Are there any major differences between the dance scene and teaching etiquette of the US versus of Japan?
In Japan, there is a saying “Otsukaresamadeshita” and it means “thank you for working hard”. We say this to each other after class, in the dressing room, and as you leave the building. It is a constant reminder that we are all striving toward something… and we acknowledge each other for that. That acknowledgment and appreciation for craft creates camaraderie and respect for one another that I’ve never felt anywhere else. It takes you from “me” to “we”.
In terms of teaching, I have found that the art of demonstrating is as sacred as verbal cues. In Japan, because I haven’t perfected the language, I have utilized my body as the ultimate communicator, demonstrating with a renewed sense of the care of movement… knowing that with each small movement, students are looking at my body with laser focus trying to see and hear what my toe/foot/elbow are trying to say.
I am beginning to see that the only way we know what it means to move big, is to know what it means to move small. These opposites in movement give us the perspective and fullness to give entirely to textures, size, and rhythm. Teaching in Japan has opened my eyes, immensely.
What drives you to create work?
There are two things that drive me to create. Music and my experiences.
I create about what I am going through and/or the collective challenges that the dancers and I are battling. I told someone recently that the creative process to me feels like a life span, the day you walk into the studio to begin, the piece is born…and when it gets to the stage it begins to die. The performance is the celebration of the life that was just lived and created. So each creative process is and can be absolutely transformational: challenging, cathartic, and enlightening.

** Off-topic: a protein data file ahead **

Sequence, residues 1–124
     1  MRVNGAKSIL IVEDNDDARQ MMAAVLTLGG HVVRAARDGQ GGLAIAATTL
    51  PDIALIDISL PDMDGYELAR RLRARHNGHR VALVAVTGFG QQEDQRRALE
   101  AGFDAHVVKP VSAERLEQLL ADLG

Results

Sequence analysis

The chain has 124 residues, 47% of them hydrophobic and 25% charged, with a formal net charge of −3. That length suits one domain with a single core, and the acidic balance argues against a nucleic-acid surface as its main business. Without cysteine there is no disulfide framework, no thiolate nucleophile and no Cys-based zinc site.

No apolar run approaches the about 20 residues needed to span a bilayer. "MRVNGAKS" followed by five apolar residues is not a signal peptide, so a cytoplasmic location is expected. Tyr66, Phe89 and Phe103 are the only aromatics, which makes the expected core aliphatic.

Music is the romance that allows a piece to even begin. I’m especially drawn to piano, as I find it to be the most haunting and alluring musical instrument.
Take Liszt’s “La Campenella in G Sharp Minor”, for example. In a mere five minutes, he provides a playground where you can go inside the notes, against the notes… how loud he plays gives you instruction, how fast, when he pauses, when he repeats, it is all a playground… to me the relationship with the composer is essential to the life of the work. When I listen to this score, I hear precision and contemplation, ecstasy, care and mastery… I hear life.
What advice would you give current BFA students?
Relish the uncomfortable… it is a gateway to transformation.
Believe someone when they give you a compliment. It is a gift they are giving you.
Document every workshop, performance, and opportunity you experience on your journey so you have a record of your experiences.
Journal after class, and/or jot down reflections in between combinations. I have stacks of journals from my BFA experience… quotes from Alonzo and the faculty, observations on myself and my classmates. Rereading these journals helps me time travel back to moments I miss with every grain of my being.
Put in the effort to connect with each person in your class and in the program. It is a mere four years, and many paths will cross in the future… those years are your chance to build relationships and grow together. Who knows when and where you will meet each other again.
It is ok to disagree with people. Finding your voice and owning your voice can feel scary after years of trying to please people. Making space for your voice to be heard is vital to your journey as a student and as an artist.
Ask for help when you need it, whether it’s personal or professional, ask for help. You are never alone.
LINES Ballet | BFA at Dominican applications are open! The program seeks highly motivated, creative dance artists eager to be challenged. If you’re looking for a deeply personalized, one-of-a-kind college program designed to cultivate your artistry and catapult your career, this is for you.
Photos: © Mark McCambridge, Christopher Peddecord